Prof. Evelyn Frederick Charles Ludowyk (1906-1985) a Sri Lankan Burgher Shakespearean scholar, author, playwright and critic, the first Professor of English of the University of Ceylon is the son of E. F. C. Ludowyk (Snr) who was an English teacher at Richmond from 1908 to 1935. Prof. Ludowyk was born on the 16th of October 1906 in Galle and died in 1985 in England.
In 1913 he passed the Junior Cambridge Examination with First Class Honours, with four distinctions. He also had the unparalleled distinction of being the youngest King’s Scout in the British Empire at the tender age of thirteen.
E.F.C. Ludowyk, joined the staff of University College in 1932 (and was appointed Professor in 1936), was the first Professor of English of the University of Ceylon and was the first Dean of Arts in the University in Peradeniya. Ludowyk born in colonial Galle and educated at Richmond College and the University College became Sri Lanka’s first native English language savant while being able to retain his bonds with Sinhala culture to the extent of being able to write a monumental work such as ‘The Footprints of the Buddha.’ Dr. Ludowyk died in England in 1985.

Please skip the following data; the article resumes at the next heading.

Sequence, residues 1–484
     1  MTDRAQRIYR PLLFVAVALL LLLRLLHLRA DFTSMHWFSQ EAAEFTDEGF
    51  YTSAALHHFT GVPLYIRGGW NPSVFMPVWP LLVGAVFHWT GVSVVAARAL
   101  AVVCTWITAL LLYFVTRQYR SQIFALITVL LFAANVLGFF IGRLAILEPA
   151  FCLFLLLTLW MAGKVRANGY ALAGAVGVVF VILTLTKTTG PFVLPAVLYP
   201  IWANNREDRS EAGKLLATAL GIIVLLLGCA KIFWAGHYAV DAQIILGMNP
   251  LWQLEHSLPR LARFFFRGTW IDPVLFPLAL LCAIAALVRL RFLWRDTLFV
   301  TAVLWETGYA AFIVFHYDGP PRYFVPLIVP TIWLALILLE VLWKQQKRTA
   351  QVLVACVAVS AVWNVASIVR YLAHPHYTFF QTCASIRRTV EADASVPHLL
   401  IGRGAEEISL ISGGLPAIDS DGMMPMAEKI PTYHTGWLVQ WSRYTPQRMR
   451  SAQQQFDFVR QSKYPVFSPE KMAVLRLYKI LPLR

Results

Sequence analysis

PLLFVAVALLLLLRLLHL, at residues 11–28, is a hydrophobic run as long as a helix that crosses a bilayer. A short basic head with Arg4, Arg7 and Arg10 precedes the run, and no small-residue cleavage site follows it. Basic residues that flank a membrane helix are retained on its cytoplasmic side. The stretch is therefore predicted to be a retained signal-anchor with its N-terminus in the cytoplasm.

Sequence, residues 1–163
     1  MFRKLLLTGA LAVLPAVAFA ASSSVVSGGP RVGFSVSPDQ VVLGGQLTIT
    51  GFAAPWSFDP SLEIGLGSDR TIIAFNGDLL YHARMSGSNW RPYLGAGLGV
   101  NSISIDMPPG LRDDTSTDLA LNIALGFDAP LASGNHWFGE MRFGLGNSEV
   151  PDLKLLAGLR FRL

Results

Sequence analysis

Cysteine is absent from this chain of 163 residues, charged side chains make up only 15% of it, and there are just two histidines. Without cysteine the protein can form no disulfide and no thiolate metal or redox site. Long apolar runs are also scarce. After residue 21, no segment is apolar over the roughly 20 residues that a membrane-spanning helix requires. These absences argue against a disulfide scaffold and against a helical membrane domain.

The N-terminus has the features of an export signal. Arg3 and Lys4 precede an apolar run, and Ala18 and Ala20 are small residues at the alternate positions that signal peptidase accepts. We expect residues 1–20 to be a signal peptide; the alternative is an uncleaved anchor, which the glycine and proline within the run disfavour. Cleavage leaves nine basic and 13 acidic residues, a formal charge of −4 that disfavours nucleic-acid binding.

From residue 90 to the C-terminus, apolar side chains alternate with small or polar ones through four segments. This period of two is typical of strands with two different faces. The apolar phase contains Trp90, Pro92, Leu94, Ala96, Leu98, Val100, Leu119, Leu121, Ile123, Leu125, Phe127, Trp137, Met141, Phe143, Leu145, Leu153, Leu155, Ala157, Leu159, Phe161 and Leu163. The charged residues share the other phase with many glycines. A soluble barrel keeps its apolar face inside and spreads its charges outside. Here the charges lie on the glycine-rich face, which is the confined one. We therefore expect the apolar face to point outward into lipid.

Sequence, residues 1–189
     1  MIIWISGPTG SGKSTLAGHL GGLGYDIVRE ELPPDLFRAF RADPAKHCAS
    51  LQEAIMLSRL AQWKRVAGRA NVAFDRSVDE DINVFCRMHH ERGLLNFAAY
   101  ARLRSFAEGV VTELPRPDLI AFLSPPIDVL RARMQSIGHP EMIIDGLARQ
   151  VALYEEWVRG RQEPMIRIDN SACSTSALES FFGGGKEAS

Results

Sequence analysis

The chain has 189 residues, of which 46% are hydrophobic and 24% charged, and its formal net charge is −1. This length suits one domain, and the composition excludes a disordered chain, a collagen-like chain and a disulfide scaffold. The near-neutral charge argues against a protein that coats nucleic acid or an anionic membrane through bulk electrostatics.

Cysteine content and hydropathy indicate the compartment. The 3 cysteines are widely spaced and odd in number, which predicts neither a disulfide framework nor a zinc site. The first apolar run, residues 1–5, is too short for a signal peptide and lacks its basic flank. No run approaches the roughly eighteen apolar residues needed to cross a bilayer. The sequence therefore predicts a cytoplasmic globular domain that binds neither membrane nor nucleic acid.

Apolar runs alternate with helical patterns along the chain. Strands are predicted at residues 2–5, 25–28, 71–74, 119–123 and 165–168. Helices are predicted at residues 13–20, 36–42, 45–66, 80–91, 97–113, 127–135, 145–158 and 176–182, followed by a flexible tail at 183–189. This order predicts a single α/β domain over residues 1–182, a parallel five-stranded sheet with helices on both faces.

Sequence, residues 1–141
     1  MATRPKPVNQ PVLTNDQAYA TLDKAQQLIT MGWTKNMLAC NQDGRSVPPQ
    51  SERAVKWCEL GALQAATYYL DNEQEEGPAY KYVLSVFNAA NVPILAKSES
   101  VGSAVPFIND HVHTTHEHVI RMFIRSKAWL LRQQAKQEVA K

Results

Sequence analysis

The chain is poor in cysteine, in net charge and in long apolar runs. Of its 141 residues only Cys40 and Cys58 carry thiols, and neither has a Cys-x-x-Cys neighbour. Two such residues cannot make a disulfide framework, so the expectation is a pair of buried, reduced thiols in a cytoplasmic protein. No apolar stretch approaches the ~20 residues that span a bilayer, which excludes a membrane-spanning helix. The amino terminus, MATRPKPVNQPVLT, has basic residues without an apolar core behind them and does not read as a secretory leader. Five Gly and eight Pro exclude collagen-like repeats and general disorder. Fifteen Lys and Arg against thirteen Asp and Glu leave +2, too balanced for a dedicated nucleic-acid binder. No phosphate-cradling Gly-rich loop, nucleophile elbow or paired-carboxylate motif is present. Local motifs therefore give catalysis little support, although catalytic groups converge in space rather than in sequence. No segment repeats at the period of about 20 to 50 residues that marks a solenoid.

Prof. Ediriweera Sarachchandra
Dr. Ediriweera Sarachchandra is considered the Sri Lanka’s premier playwright person, writer, author, novelist, academic, diplomat, ambassador. Born on 3rd June 1914 in Galle Dr. Srachchandra had his early education at Richmond.